Deputy Commissioner Neil Gaughan has a fair bit on his plate.
The lifelong ACT police officer is concerned about how drug decriminalisation will work, about raising the age of criminal responsibility and the small group of families in the Territory responsible for a disproportionate part of the city’s criminal activity.
But far from being an advocate of harsher penalties, the ACT’s Chief Police Officer – the latest in our Canberra 2030 series about the city’s future – says there’s plenty of sense in harm minimisation measures that recognise the social and psychological causes of crime.
Because connections between crime, drug use and mental health issues are so strong, his greatest concern is that as the ACT proceeds down the path towards liberalisation, there simply won’t be enough support services in Canberra to pick up the pieces of users’ lives, remedy the underlying issues and make the changes work.
Over the next 12 months, the ACT will go further than anywhere else in Australia to decriminalise possession of heroin, methamphetamines and other drugs of dependence.
“I’m worried we’re almost enabling addiction and the criminality that’s often behind that,” he says.
“If you have to buy eight points of meth, it’s going to cost you $800. How are you getting the money for that? Potentially organised crime will take advantage of the situation. They’re only worried about profit, they’re not worried about anything else.
“If it’s 2 o’clock in the morning, there needs to be somewhere we can send these people to, or support we can give them right then because at 8 o’clock the next day, they’re not going to want that support. They just want another hit of meth. So it needs to be a 24/7 response capability.”
Many of the CPO’s concerns centre around the effects of methamphetamine, its ready manufacture and availability and what that presages for the city’s future. He’s been a Canberra police officer for a long time, serving through Canberra’s heroin epidemic in the 1990s when the Territory’s drug deaths reached an all-time high.
Drug overdoses are nothing new to anyone who policed through that era, and although many people can now be revived with a shot of NARCAN, the deputy commissioner says the shock of dealing with someone dead or dying at your feet never loses its horror.
“What we’re doing at the moment isn’t working and this is one reason why I’m supportive,” he says.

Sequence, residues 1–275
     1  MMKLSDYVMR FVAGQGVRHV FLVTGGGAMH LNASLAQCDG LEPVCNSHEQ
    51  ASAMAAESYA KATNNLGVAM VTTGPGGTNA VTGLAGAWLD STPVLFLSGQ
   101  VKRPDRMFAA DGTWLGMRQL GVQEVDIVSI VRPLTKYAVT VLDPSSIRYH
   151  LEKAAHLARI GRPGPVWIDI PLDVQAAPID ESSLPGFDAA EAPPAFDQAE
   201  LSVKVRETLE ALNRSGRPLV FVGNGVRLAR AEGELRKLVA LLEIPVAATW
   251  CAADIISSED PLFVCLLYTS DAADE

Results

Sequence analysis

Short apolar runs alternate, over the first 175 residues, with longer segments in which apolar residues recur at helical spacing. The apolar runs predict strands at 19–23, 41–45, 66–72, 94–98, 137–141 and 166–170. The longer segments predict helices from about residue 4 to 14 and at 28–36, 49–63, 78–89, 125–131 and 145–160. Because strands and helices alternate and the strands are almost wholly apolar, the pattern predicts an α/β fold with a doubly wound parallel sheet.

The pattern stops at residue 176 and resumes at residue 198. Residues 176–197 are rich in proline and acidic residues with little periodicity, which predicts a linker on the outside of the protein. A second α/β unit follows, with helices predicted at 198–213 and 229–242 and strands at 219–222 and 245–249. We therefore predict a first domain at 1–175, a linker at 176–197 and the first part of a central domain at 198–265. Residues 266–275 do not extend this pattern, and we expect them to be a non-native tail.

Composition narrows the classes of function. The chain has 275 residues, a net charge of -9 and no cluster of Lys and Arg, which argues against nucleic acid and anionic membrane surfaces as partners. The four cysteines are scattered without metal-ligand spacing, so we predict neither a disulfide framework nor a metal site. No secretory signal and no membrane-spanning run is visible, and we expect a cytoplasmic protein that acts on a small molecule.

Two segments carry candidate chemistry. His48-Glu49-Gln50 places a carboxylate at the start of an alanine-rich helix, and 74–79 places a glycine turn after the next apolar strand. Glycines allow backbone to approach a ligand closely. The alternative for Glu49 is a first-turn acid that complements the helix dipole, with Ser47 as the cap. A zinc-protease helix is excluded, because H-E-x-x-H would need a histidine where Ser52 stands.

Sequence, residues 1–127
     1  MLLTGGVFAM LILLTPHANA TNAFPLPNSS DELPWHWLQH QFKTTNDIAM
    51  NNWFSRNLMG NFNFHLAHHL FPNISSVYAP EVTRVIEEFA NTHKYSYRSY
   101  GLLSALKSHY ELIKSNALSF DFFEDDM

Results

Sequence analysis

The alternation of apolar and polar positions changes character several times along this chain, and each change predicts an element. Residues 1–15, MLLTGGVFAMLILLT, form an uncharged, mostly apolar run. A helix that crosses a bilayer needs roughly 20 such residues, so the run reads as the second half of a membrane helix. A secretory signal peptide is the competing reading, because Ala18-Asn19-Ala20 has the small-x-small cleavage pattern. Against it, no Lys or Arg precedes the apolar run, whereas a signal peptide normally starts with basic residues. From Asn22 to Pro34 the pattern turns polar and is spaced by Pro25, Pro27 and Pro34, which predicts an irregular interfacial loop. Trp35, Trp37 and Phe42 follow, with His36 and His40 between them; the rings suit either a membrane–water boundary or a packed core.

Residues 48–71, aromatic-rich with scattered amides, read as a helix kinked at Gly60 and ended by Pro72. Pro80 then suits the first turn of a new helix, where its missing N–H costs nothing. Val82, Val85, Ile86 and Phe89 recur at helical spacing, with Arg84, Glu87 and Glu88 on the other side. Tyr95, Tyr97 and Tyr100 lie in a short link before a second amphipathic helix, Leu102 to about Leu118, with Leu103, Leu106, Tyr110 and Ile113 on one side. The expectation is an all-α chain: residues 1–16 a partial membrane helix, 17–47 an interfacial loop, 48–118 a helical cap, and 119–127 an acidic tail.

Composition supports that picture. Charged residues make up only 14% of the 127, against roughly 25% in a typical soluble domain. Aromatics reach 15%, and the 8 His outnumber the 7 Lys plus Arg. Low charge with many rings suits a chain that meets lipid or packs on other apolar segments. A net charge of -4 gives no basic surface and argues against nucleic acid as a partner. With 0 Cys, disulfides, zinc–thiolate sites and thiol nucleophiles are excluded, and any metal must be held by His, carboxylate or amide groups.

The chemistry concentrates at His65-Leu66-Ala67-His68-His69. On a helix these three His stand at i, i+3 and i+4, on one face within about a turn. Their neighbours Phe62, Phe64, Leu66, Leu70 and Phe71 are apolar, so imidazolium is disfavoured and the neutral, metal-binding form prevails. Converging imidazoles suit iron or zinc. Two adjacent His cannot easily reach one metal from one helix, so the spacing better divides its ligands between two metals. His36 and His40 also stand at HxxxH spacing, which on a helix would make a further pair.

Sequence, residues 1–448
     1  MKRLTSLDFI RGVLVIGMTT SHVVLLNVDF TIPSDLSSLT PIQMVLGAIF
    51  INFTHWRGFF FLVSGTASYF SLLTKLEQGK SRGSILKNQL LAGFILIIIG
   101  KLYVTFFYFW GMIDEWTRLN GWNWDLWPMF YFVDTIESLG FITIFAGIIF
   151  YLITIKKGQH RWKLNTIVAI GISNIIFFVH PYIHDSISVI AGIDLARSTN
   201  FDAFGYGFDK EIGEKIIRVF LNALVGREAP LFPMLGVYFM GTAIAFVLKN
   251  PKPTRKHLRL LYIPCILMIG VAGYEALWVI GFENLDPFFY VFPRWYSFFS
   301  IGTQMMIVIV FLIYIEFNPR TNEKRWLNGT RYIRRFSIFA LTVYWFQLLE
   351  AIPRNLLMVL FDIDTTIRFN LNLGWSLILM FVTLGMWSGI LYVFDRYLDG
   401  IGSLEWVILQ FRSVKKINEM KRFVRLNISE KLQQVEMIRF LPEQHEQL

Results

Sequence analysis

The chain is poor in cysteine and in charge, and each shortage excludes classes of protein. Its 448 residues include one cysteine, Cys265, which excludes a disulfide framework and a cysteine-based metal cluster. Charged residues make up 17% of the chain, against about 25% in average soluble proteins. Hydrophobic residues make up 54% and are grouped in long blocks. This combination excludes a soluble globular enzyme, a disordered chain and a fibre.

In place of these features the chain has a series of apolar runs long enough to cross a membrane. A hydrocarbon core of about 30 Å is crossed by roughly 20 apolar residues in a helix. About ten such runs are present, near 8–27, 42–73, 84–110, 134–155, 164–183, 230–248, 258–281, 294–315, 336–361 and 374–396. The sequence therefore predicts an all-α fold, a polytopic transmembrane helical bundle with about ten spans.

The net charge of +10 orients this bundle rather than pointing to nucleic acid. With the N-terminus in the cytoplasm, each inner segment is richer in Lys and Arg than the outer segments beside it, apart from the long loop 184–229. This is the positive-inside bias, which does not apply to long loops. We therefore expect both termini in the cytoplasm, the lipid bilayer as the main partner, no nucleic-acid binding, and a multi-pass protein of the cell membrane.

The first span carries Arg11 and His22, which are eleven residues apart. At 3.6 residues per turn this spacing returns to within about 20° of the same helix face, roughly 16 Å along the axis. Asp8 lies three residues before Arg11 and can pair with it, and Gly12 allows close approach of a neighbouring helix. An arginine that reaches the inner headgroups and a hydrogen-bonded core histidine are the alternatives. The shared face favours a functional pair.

“The way we’ve been dealing with this over the last 80 years of prohibition didn’t work with alcohol. I’m not convinced it’s working with drugs, so we need to give [decriminalisation] a crack.”
Deputy Commissioner Gaughan’s position is also informed by observing how repeated imprisonment has affected the ACT’s relatively small cohort of repeat offenders. Canberra’s small size and single jail means that many offenders know each other well, deepening the cycle of imprisonment from generation to generation.
Significantly more women are now involved in violent crime than in the past, as are younger offenders. The Deputy Commissioner worries that moves to raise the age of criminal responsibility, while well intended, mean that crimes committed by 12 and 13-year-olds may not be dealt with as seriously as they should.
That said, he doesn’t think our sentencing is particularly light by national standards, although he’s more critical of bail decisions that, he thinks, fail to protect the community adequately.
“I think that magistrates and judges have a really, really difficult job and there’s a lot of emotion around it,” he says.
“But what we’re seeing with these men and women that are involved in recidivist activity is that they continue to do it because there’s the addiction issue. They’re not getting the treatment they need.
“It’s sad that my guys are now arresting kids of the grandfathers I arrested, really sad. [Police] are compassionate people, and we see how sad it is that there are kids in these situations that we can’t fix.”
If there’s a single message he has for the rapidly growing Canberra community, it’s the need to work together with police.
“We are here to work with the community, we are part of the community – they’re part of the fundamental principles of policing going back to the 1880s. I think we’ve just got to get better at selling that message,” he says.